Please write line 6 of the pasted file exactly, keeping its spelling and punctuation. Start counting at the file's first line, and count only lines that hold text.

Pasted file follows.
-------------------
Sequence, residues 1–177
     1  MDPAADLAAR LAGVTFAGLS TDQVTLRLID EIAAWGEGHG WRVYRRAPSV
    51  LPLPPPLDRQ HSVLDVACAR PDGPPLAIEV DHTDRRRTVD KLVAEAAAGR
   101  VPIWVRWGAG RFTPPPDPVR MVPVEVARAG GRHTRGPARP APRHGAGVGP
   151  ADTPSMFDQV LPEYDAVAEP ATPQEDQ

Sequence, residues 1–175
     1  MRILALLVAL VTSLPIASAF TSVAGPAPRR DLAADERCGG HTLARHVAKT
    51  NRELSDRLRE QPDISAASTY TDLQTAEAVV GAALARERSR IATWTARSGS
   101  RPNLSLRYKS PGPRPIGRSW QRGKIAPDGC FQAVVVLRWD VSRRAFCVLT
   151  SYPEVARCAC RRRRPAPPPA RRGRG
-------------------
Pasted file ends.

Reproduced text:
Sequence, residues 1–175